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Asian Youth-Led Cultural Workshop Educates and Inspires BHS

On April 28, the MSCA and APIC celebrated diverse Asian cultures in a youth-led workshop to inspire awareness and appreciation for the Asian American experience.


May is Asian American and Pacific Islander (AAPI) Heritage Month, and with the pressing issue of violence and discrimination against Asian communities across the country, celebrating Asian cultures is especially important. On Wednesday, April 28, student club leaders from the Multi-Cultural Student Association (MSCA) and the Asian Pacific Islanders Club (APIC) at Berkeley High School (BHS) led a workshop featuring guest speakers and students who shared aspects of their different cultures. 

“We mainly wanted to put this event together in light of all the Asian hate crimes, to educate people about the many different Asian cultures,” said Amanda Sieu, a senior in Academic Choice (AC) at BHS and co-president of APIC. 

Along with Sieu, the celebration was organized by Gabriella Lerman, a senior in Berkeley International High School (BIHS), and Desiree Solis, a senior in AC, who together co-lead the MCSA. 

The event consisted of multiple students and teachers from BHS, all talking about their own experiences and traditions within their Asian culture. Ana Jacob, a senior in Arts and Humanities Academy (AHA), shared a slide presentation with their favorite Filipino dishes. Among those were Hopia, Ukoy, and Longanisa recipes, along with mouth-watering photos and restaurant recommendations. 

Mexica Greco, a senior in Berkeley International High School (BIHS), taught everyone how to play her favorite Vietnamese gambling card game, Heo, which is extremely popular throughout the country. Both Jacob and Greco shared that cooking their favorite foods and playing their favorite games helped them connect to their Asian roots. 

Sieu taught participants about Cambodian culture through celebratory traditions. She walked through Cambodian weddings, funerals, and New Year celebrations in a slide show. “I don’t think many people know about Cambodian culture — in contrast to the more popular Southeast Asian cultures — so I feel like it was a good opportunity to educate people,” Sieu said.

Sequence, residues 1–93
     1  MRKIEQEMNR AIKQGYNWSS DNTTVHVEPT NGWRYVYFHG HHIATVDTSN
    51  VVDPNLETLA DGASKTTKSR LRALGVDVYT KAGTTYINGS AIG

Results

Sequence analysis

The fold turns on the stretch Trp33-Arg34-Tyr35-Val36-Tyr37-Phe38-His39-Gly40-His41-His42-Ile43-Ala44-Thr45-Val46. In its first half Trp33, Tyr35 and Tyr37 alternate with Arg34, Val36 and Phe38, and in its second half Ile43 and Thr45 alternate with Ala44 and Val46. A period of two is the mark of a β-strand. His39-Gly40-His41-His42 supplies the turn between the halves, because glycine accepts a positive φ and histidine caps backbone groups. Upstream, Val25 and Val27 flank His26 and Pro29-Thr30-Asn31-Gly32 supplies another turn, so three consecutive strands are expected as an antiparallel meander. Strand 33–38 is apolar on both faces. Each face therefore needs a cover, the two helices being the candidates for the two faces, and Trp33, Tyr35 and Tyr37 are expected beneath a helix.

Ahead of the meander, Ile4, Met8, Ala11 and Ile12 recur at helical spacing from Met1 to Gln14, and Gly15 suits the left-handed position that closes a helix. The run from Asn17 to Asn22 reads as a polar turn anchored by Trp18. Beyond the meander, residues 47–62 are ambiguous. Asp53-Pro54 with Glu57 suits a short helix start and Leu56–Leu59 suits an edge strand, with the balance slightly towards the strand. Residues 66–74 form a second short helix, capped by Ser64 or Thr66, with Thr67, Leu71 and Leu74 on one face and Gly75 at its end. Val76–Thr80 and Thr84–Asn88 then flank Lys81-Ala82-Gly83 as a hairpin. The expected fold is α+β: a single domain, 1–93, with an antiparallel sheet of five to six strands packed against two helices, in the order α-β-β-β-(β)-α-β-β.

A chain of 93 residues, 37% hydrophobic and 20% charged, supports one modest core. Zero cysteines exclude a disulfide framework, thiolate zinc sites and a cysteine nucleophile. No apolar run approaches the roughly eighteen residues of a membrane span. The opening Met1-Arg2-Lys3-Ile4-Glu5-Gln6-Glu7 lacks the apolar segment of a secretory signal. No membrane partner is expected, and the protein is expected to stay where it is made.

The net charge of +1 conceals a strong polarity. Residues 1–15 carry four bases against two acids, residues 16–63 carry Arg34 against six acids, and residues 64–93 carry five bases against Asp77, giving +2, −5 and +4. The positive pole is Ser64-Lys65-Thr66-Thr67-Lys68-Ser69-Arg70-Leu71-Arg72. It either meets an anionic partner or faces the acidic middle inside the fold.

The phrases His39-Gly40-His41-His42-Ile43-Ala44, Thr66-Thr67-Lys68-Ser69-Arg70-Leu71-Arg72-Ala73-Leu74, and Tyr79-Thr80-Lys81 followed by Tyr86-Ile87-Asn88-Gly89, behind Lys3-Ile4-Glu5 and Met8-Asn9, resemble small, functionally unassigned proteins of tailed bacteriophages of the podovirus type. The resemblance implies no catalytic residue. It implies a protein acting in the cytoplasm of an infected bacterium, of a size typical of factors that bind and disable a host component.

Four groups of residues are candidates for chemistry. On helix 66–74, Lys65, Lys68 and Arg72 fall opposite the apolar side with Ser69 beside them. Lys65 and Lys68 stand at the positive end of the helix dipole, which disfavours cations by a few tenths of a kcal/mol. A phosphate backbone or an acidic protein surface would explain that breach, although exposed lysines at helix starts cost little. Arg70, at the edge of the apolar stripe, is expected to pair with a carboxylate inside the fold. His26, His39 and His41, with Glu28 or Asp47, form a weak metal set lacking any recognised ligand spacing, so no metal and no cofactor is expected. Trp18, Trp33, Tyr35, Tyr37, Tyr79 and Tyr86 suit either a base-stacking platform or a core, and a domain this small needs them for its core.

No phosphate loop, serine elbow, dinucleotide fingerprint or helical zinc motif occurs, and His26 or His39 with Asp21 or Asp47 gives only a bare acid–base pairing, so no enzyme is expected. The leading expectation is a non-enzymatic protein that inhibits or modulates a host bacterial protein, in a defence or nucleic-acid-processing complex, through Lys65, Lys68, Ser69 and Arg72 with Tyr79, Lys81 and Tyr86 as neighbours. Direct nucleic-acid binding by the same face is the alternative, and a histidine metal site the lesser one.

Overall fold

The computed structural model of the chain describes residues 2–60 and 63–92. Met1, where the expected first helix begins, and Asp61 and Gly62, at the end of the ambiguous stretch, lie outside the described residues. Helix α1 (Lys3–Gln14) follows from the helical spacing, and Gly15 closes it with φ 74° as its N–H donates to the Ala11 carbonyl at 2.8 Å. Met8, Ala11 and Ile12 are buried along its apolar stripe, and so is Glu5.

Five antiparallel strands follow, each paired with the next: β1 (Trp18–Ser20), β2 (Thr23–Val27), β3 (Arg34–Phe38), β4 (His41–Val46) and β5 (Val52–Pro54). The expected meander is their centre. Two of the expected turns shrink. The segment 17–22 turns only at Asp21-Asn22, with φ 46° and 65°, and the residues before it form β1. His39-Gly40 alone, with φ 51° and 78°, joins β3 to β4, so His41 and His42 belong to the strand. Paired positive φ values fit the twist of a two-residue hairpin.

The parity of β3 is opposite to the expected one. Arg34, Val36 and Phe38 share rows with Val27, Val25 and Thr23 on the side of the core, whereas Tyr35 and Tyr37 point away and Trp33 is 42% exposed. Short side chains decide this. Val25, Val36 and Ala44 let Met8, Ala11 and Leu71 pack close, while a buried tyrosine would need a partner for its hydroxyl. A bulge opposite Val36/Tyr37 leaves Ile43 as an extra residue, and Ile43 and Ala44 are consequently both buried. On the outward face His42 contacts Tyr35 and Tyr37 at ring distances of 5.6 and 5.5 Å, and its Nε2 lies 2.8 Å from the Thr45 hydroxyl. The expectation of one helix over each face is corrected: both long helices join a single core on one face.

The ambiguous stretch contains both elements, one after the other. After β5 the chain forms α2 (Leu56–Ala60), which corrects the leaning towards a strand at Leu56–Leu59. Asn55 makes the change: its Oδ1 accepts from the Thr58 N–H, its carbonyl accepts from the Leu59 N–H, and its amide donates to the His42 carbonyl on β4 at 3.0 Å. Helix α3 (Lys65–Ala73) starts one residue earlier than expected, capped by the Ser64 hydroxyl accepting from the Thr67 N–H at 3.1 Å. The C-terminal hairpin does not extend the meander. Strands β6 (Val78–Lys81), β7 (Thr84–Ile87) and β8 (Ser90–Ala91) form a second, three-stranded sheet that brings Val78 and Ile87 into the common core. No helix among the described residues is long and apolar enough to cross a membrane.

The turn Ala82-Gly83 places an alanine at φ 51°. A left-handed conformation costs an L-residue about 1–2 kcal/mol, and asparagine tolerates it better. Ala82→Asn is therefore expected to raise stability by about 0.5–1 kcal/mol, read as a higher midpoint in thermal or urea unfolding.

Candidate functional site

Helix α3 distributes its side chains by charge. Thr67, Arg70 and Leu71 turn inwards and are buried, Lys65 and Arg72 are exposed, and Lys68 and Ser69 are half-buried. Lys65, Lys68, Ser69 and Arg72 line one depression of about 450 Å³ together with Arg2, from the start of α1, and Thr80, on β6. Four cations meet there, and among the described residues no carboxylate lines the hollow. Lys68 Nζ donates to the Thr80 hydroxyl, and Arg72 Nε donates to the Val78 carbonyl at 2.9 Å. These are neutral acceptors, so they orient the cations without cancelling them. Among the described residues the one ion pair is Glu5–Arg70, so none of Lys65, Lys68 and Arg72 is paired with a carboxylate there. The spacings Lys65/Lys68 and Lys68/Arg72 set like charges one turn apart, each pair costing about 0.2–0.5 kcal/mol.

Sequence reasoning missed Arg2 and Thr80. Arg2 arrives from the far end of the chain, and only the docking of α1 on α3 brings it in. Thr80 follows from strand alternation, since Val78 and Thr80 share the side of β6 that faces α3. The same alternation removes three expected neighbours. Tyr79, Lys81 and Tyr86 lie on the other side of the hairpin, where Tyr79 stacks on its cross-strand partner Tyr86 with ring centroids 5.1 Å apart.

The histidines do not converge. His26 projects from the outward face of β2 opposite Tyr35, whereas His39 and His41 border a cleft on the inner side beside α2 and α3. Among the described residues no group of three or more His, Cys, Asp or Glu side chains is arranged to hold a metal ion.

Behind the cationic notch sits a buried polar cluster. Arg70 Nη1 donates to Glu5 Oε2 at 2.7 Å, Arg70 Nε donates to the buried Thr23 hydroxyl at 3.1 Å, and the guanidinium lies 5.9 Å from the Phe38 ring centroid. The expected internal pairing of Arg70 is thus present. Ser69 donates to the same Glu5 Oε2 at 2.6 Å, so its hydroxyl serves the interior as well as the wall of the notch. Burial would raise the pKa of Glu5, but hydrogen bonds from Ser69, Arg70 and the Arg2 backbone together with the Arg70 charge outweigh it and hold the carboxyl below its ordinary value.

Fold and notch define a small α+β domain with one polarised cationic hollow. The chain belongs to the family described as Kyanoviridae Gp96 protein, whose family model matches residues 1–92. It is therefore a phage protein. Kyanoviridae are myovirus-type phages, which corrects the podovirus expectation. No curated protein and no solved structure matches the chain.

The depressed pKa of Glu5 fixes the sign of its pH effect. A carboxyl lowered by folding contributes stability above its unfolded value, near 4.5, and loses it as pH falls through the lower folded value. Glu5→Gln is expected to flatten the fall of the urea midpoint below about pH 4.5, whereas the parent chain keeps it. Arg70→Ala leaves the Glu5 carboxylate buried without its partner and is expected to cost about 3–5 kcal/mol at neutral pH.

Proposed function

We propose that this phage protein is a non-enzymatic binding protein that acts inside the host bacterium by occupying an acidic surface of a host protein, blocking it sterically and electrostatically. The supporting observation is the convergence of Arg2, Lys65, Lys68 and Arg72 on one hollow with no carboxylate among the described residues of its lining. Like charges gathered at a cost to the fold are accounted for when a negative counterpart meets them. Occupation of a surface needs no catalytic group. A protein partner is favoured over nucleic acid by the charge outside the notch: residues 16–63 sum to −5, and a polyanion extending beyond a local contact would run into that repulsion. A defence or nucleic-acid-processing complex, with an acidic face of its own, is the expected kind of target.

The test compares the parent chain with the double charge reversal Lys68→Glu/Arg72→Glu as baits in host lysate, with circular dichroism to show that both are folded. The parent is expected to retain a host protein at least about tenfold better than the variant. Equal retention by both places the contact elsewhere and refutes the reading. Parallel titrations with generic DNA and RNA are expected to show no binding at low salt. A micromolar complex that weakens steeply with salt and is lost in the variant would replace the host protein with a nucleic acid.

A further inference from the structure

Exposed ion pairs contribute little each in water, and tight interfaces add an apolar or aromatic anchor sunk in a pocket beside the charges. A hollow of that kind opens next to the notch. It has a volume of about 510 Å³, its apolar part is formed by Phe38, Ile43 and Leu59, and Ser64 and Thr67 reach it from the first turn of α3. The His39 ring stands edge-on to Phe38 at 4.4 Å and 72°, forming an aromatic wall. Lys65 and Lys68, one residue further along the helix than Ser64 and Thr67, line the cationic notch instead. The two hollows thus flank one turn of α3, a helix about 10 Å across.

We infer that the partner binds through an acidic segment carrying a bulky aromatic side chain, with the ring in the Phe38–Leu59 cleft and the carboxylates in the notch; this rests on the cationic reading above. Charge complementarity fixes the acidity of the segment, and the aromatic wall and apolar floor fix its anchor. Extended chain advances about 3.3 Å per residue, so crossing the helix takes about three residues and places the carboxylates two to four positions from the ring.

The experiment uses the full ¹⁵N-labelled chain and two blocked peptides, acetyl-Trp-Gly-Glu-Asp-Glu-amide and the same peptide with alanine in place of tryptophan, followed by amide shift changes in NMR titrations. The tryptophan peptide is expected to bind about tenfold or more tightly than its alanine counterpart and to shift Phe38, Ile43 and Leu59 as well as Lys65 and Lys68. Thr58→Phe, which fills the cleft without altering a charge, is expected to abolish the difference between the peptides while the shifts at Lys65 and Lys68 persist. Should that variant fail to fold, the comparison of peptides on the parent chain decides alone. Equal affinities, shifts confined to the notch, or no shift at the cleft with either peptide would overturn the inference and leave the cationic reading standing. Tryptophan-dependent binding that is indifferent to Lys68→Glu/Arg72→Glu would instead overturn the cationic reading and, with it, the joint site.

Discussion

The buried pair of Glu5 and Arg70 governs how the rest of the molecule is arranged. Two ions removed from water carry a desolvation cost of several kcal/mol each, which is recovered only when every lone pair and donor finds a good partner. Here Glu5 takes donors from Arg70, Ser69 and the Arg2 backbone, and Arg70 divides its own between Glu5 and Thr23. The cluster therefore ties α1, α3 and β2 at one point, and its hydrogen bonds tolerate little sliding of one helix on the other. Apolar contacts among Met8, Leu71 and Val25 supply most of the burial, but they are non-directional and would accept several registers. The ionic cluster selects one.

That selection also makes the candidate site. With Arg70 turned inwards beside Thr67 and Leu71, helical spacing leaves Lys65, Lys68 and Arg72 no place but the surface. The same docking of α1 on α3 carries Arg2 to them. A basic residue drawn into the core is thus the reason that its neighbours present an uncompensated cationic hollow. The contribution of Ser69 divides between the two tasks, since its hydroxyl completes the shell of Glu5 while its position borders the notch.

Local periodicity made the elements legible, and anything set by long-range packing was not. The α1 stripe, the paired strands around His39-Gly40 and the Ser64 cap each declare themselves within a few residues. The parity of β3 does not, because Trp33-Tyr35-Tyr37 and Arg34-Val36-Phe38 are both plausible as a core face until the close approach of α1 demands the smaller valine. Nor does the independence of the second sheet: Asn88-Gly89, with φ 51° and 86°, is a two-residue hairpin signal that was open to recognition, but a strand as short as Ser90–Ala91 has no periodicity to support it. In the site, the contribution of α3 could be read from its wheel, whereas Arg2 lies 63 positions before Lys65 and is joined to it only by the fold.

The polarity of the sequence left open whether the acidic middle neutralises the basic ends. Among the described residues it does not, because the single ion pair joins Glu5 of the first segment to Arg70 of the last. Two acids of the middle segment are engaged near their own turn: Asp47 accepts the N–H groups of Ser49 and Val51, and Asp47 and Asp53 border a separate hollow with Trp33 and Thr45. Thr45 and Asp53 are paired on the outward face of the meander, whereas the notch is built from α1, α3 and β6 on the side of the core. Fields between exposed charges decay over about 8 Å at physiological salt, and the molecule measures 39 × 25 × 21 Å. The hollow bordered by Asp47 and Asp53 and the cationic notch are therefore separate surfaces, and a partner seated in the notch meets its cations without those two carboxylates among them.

“I’m so proud of the API (Asian Pacific Islander) students at BHS because they make up 8 to 9 percent of the student population, but their presence, impact, and voices are much louder,” said David An, a college counselor at BHS, and one of the guest speakers at the event. “I grew up in the ’90s, and I think about how far Asian youth have come [in] utilizing their voices, [and] that event was just one moment and one experience that proved that even more.” 

An shared a presentation about his childhood growing up in Los Angeles, struggling to connect to both his Korean and American identities. He shared with attendees how he learned to embrace his Asian roots, and how inspiring it is to see young BHS students share why they love their Asian cultures.

    Solis started her journey in MCSA during her sophomore year at BHS. “I am not multiracial — I am full Filipino — but I joined with the intention of learning about other people’s cultures … so I had no intention of joining and speaking about my experiences,” she recalled. Despite that, Solis gained a leadership position in the club after immediately bonding with the other club members and connecting with the club’s values. 

Sieu, on the other hand, had a very different start in APIC than Solis. “I have been a part of APIC for all four years of high school, my sister and cousin were both parts of the club, and my cousin was the last co-president before me,” she said. Despite these differences, both Solis and Sieu became presidents of their clubs with the intention of strengthening the community and educating BHS students about different cultures. 

AAPI History Month is not a universally well-known celebration, and even schools with a very diverse population like BHS don’t always give it enough publicity. “None of my teachers have ever really [said] it’s Asian Pacific Islander month, we are going to talk about why it takes place in May … and educate each other on the different Asian cultures,” said Solis. 

When asked, all club leaders agreed that the most important way non-Asian students can get involved in Asian history month was through education. “[Learn] about where to support Asian charities, and small Asian businesses, spreading awareness about hate crimes and attending rallies when you can,” Sieu recommended to those hoping to get more involved. 

The MCSA and APIC welcome students to attend meetings and future events that celebrate the many Asian cultures in and out of BHS.  

Disclaimer: Ana Jacob is a staff member on Jacket.